Proof By Example

Programming blog by Mark Feeney

Nested if-let in Clojure

At work today some code turned up that looked like this:

;; sum a, b, c, d if they're all defined, otherwise report which one is not
;; defined
(if-let [a x]
  (if-let [b y]
    (if-let [c z]
      (if-let [d w]
        (+ a b c d)
        :d-is-nil)
      :c-is-nil)
    :b-is-nil)
  :a-is-nil)

This is not easy to read, even in in the vastly simplifed form shown above. The else expressions are far away form their corresponding then expressions.

I couldn’t find a good built-in or idiom for doing this in Clojure. For reference, here’s what I looked at:

Since it’s extremely repetitive looking code, it seemed like a macro might be in order. I came up with this:

(defmacro nif-let
  "Nested if-let. If all bindings are non-nil, execute body in the context of
  those bindings.  If a binding is nil, evaluate its `else-expr` form and stop
  there.  `else-expr` is otherwise not evaluated.

  bindings* => binding-form else-expr"
  [bindings & body]
  (cond
    (= (count bindings) 0) `(do ~@body)
    (symbol? (bindings 0)) `(if-let ~(subvec bindings 0 2)
                              (nif-let ~(subvec bindings 3) ~@body)
                              ~(bindings 2))
    :else (throw (IllegalArgumentException. "symbols only in bindings"))))

I’m not an experienced macro writer. Most of this is adapted from with-open which felt vaguely similar in that it generates a deeply nested bunch of code. It also will only work for simple binding forms, but it was good enough for the situation at hand. The nested code above becomes:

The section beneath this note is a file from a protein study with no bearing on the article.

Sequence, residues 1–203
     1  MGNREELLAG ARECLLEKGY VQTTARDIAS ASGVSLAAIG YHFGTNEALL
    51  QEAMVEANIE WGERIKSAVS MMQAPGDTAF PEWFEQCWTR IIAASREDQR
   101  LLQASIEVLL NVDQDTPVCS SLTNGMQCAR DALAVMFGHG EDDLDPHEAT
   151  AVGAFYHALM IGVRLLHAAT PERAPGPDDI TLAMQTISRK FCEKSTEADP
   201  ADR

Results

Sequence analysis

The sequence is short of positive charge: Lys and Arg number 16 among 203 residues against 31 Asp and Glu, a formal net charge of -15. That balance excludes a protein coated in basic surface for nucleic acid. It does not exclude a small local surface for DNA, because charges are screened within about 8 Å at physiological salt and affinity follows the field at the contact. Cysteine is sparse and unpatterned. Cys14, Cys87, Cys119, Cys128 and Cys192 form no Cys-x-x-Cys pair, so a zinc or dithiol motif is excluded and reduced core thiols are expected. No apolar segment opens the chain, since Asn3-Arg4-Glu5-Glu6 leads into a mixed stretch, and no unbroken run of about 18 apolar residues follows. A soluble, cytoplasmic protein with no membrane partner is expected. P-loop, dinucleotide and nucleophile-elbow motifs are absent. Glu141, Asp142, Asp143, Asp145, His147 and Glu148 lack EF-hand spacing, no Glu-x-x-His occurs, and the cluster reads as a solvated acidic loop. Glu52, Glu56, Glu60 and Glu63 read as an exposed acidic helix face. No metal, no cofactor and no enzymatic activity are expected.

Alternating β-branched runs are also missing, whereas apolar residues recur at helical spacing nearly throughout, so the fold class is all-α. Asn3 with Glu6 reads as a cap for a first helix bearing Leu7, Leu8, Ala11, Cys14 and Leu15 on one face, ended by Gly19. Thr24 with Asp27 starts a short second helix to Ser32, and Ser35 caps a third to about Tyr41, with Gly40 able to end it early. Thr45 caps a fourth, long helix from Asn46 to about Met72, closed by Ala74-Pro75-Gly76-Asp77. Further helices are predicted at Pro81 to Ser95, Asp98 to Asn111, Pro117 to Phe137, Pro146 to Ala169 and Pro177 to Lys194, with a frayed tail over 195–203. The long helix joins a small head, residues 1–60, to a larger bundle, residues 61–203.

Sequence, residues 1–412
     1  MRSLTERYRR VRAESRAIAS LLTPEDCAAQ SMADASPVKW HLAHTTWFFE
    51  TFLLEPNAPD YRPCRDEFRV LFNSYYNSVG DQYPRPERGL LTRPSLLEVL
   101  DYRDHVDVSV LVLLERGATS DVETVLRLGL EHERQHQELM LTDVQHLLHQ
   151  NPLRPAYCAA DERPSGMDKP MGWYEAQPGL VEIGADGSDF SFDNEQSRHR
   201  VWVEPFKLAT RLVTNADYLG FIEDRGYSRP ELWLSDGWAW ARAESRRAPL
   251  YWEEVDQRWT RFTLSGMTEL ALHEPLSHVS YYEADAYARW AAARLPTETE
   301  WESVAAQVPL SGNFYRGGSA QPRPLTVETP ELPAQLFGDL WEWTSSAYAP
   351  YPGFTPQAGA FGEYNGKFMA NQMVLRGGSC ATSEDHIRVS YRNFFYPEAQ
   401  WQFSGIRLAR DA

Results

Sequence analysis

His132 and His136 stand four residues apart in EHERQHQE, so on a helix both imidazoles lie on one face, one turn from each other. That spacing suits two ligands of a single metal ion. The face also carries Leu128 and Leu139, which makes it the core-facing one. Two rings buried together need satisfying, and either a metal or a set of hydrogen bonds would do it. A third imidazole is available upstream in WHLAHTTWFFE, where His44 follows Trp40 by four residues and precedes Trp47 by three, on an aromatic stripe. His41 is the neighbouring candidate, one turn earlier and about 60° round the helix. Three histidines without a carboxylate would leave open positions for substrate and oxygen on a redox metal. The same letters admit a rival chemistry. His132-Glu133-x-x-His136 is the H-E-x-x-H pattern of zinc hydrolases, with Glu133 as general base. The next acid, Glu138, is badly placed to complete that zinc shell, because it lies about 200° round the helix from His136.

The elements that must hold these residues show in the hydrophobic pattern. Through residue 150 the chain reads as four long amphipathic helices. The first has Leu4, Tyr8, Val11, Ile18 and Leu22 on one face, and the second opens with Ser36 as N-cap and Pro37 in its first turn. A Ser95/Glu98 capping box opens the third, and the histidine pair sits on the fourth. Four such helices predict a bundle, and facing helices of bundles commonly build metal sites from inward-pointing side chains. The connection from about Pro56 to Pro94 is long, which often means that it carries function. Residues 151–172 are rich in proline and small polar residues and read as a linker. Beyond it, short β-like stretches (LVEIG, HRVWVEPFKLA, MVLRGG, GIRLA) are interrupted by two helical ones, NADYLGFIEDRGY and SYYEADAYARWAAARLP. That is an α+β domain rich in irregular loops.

(nif-let [a x :a-is-nil
          b y :b-is-nil
          c z :c-is-nil
          d w :d-is-nil]
         (+ a b c d))

This reads a lot better, but having to ensure the result is not some arbitrary set of keywords to determine that it actually worked is non-ideal. Slightly better might be to wrap the result in something more descriptive.

(let [fail (fn [x] {:status :failed :value x})
      ok (fn [x] {:status :ok :value x})]
  (nif-let [a x (fail :a-is-nil)
            b y (fail :b-is-nil)
            c z (fail :c-is-nil)
            d w (fail :d-is-nil)]
           (ok (+ a b c d))))

This will yield values like {:status :failed :value :a-is-nil} or {:status :ok :value 42}, which is slightly less bad to inspect. You could easily include the fail and ok calls in the macro itself, but it seems more reusable not to.

This all has a monadic smell to it. I’m sure there’s an existing monad in algo.monads that could do it succinctly, but I’d want to spend some time understanding that code before pulling it in.

I find it odd that there’s not a common idiom in the “standard libarary” for this. Maybe I just haven’t been searching for the right thing.

Update 2013-12-12: solution to this same problem in Scala.